Baloch was born in Sibi, Balochistan, close to the Sindh province. Like most people from Balochistan, he continues to suffix Baloch to his name.
He completed his schooling in Sibi and went to Afghanistan for some time. He came back to Balochistan and then proceeded to Russia for higher education. “I had to spend the first year learning the Russian language. Then it was a five-year course in journalism from Almaty, Kazakhstan. As a student, I worked in Russia for some time. Finally, I came back to Quetta – the capital of Balochistan”.
He adds that many Baloch people from the Marri tribe went to Russia for further studies.
“I tried to find journalism work in Quetta but could not. I worked for private companies for two years but it was tough. I barely managed to earn enough for survival. Life was tough and scary in Quetta. Kidnappings, robbery, and killings were common. It was unsafe so I decided to come to India”, says Baloch.
He misses Quetta. Not just for its salubrious climate but also because his family is settled there.
“It is a valley like Kashmir with snowfall, clean water, and good air. It is good for your health with plenty of orchards and dry fruits. My hometown of Sibi is a desert close to Sindh where life is tough.
Anil says that his parents and siblings are now settled in Quetta. “There is nobody in Sibi even though we still have an ancestral home there. They do not want to migrate to India. They say, ‘kitne desh chodenge’ how many homes will we abandon? You know, resettling is not easy”.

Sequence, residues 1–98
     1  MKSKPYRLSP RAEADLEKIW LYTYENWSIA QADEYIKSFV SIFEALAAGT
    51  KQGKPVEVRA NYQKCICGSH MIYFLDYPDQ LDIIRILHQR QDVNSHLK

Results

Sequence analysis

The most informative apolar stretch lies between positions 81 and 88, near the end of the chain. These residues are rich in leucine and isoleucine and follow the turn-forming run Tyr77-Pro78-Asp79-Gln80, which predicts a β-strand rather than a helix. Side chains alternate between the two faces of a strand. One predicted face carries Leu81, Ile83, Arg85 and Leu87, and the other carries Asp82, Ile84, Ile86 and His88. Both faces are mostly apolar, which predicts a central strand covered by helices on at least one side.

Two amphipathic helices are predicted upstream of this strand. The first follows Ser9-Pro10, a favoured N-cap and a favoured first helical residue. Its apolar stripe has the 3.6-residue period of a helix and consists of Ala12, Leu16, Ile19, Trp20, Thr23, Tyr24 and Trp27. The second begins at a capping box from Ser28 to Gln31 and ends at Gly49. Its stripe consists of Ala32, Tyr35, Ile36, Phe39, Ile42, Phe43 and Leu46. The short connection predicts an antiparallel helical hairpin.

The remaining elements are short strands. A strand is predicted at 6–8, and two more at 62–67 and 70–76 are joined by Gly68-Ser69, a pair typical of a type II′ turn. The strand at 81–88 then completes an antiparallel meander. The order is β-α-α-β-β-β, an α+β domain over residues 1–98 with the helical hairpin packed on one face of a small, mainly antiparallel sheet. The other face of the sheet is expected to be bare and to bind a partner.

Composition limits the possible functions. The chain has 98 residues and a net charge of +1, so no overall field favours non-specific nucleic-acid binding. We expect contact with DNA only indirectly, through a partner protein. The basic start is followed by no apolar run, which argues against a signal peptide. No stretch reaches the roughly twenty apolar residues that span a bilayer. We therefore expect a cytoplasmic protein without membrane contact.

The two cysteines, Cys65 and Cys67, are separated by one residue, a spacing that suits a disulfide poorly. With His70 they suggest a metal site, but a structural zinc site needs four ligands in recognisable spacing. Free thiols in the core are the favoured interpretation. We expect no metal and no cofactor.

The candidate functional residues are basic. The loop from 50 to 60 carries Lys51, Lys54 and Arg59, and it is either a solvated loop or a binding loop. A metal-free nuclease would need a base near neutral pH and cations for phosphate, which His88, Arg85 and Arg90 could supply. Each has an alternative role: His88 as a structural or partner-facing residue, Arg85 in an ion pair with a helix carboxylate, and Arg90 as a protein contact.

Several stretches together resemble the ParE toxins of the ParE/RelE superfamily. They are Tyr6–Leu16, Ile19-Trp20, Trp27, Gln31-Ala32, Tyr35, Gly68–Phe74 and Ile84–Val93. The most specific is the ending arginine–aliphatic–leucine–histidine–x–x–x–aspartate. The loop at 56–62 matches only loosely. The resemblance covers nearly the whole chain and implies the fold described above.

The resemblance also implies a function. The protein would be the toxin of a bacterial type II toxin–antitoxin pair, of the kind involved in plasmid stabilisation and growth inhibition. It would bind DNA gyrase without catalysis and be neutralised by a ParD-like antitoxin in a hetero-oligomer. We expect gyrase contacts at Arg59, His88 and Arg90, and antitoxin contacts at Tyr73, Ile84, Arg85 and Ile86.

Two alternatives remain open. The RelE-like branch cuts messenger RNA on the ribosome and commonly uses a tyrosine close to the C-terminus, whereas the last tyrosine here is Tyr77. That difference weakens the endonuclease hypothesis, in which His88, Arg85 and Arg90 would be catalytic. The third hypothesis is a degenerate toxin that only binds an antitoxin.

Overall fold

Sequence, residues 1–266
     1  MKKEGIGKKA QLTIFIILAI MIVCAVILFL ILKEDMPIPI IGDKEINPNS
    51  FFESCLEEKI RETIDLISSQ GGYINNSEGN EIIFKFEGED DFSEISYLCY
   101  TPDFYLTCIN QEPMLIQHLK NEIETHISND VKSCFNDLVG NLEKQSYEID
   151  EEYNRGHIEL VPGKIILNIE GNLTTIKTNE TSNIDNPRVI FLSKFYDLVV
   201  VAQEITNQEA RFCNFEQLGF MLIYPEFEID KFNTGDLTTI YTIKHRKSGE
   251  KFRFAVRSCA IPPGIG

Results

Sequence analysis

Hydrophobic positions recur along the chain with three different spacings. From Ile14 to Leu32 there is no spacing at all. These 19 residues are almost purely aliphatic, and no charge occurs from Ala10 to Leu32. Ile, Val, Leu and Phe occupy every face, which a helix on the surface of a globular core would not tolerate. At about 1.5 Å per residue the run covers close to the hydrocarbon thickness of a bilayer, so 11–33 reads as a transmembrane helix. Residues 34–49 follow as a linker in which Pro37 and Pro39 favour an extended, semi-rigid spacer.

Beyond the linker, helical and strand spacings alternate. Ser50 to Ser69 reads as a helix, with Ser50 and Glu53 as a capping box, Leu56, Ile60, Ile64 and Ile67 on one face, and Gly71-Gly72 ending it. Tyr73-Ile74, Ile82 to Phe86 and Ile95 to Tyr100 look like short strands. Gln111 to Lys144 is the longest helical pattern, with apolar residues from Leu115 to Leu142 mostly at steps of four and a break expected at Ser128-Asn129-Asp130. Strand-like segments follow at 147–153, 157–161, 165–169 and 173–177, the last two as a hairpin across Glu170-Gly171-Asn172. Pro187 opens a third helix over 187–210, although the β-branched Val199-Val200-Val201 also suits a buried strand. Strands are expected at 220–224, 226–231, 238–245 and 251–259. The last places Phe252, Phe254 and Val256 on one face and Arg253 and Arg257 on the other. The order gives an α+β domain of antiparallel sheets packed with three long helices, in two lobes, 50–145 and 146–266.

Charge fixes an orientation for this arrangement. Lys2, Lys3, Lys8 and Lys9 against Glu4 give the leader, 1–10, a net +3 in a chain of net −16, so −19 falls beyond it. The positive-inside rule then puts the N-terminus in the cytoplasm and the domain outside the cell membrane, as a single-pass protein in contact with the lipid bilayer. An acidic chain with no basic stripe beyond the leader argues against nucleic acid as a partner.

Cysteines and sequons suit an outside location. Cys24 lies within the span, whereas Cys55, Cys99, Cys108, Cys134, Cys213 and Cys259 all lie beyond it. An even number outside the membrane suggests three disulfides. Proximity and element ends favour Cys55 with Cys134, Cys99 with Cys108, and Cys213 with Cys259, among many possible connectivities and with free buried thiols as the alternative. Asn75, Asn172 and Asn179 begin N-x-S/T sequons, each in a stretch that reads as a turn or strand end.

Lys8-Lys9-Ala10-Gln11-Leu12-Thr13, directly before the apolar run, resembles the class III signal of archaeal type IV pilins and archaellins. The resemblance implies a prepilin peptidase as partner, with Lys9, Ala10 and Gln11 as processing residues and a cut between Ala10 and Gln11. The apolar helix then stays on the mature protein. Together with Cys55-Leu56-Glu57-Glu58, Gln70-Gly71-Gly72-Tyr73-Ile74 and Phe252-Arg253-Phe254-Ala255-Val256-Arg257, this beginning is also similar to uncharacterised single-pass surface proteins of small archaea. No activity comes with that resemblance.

The Baloch Conflict
In Balochistan, Anil Kumar Baloch is also known as Anil Marri.
“People can trace three generations of my ancestors because of my name. We were closely associated with Nawab Khair Bakhsh Marri and have spent generations with them. The Marris are fighting for land and pride because the Baloch people are not getting their due from Pakistan”, says Baloch.
Giving an example, he says: “When the massive attack by the Pakistani army took place on Nawab Akbar Bugti’s fort in Dera Bugti in 2005, there were hundreds of Hindus with him. Many Hindus and Muslims died but Akbar Bugti escaped. He was later killed by the Pakistani army in a helicopter gunship attack in 2006”.
Baloch says that the Baloch ‘quom’ is not getting its due. There is no gas, no water either. Places like Sui, which is the main hub for gas for all of Pakistan, and even Dera Bugti do not have enough schools.